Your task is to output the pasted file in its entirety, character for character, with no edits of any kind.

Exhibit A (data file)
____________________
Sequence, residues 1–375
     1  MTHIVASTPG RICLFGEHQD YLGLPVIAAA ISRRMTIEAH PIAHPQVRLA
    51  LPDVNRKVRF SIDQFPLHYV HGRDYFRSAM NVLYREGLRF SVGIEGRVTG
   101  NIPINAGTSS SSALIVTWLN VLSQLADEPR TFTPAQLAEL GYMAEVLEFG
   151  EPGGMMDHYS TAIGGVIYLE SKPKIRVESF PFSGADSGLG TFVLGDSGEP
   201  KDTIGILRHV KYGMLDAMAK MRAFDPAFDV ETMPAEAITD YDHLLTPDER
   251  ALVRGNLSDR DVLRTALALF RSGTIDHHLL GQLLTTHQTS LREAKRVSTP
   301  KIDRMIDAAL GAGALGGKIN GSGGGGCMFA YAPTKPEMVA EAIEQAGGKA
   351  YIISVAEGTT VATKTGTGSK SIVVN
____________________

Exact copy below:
Sequence, residues 1–375
     1  MTHIVASTPG RICLFGEHQD YLGLPVIAAA ISRRMTIEAH PIAHPQVRLA
    51  LPDVNRKVRF SIDQFPLHYV HGRDYFRSAM NVLYREGLRF SVGIEGRVTG
   101  NIPINAGTSS SSALIVTWLN VLSQLADEPR TFTPAQLAEL GYMAEVLEFG
   151  EPGGMMDHYS TAIGGVIYLE SKPKIRVESF PFSGADSGLG TFVLGDSGEP
   201  KDTIGILRHV KYGMLDAMAK MRAFDPAFDV ETMPAEAITD YDHLLTPDER
   251  ALVRGNLSDR DVLRTALALF RSGTIDHHLL GQLLTTHQTS LREAKRVSTP
   301  KIDRMIDAAL GAGALGGKIN GSGGGGCMFA YAPTKPEMVA EAIEQAGGKA
   351  YIISVAEGTT VATKTGTGSK SIVVN